Porto Portugal serves as film location or setting for brief movie summaries in the upcoming book Around the World in 80 More Movies
Harry Potter and the Sorcerer’s Stone, 2001 with Daniel Radcliffe starting his eight-movie run as a young wizard in a magical land. London and Scotland provide most Harry Potter locations(see Around the World in 80 Movies, “Braveheart in Scotland”) and those regions offer various tours dedicated to book and movie locations. But Harry Potter set some roots in Porto, where author J.K. Rowling worked on the book that opens the series. This makes Porto a key location for Potterheads, who revel in the Livrario Lello bookstore and its décor that looks right out Diagon Alley’s Flourish and Blots store. Hints of the Hogwarts school library scatter throughout the picturesque enclave for readers. Porto’s store also provides a chance to refresh Potter movie memories in a viewing room that runs the films continuously. House of the Spirits, 1993 with Meryl Streep and Glenn Close suffering torments from Jeremy Irons and ghosts in Latin America. Author Isabelle Allende wrote about the
family history she knew from growing up in Chile, but the movie version of her breakout novel mushes the mix. This includes filming in Portugal, used as South American locations. Director Bille August creates striking visuals, and her standout cast never fails to hold attention, though it fails to catch Allende’s nuance as a writer. Porto’s ambiance suites other films with Latin American settings, including John Malkevich’s directorial debut, The Dancer Upstairs.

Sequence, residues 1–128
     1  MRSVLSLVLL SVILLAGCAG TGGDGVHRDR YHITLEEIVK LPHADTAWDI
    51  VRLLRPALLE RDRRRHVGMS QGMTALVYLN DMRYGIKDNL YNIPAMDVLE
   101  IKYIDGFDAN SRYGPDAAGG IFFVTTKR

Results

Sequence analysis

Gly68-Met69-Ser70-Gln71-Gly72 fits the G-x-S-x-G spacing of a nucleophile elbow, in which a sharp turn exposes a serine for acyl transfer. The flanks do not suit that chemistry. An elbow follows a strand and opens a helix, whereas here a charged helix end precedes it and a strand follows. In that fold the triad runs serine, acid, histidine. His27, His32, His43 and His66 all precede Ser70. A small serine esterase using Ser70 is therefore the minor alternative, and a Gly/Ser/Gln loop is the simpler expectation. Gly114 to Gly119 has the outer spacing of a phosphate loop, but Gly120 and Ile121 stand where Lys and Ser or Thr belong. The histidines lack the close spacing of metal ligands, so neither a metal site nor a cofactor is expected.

Porto, 2016 with Anton Yelchin finding magical love in Porto. Put on your film class hat for film critic/teacher/director Gabe Klinger’s arty approach to classic cinema art house traditions including elaborate sex scenes and occasional subtitles. Shooting with three different types of film in an era dominated by digital technology, Klinger shows no fear of leisurely shots and talky moments in his story of a couple who experience lingering effects from a one-night stand. Lacking typical leading man looks, Star Trek’s Yelchin suits his role as an ex-pat wanderer and serves as an appealing protagonist— though his untimely death made Porto his last shot at stardom. But the city remains a viable star, its narrow cobblestone streets, colorful buildings, and the iconic Luis 1 double decked metal bridge oozing character and romance. Reflecting the city’s status as Foodie Heaven, Porto features two restaurants, but both went out of business even before Covid-19’s damage.
The Xango from Baker Street (A Samba for Sherlock), 2001 with Sherlock Holmes traveling to Rio de Janero and hearing lots of Portuguese. A blending literary and real-life characters allows actress Sarah Berndhardt to bring Great Britain’s most famous fictional detective to solve a theft in Brazil. The case turns grisly when a series of murders ensue. Filmmakers took advantage of Porto’s old world look to capture the story’s1886 setting, with locals easily able to speak the language of Brazil—Portuguese.
O Lugar do Morto, (Dead Man’s Seat), 1984 with Ana Zanatti entangling Pedro Oliveira in a mystery involving death and sex. Portugal’s entry for an international Academy Award (it failed to get a nomination) and the country’s box office champ for a decade, the movie features Porto’s iconic bridge and atmospheric streets to provide a sinister sense of confusion. The Grande Hotel de Porto and the Rua de Julio Denis district appear in the film, though much shot in Lisbon and along the coast. Lacking subtitles, the various bits and pieces available on YouTube provide
a chance to practice your Portuguese.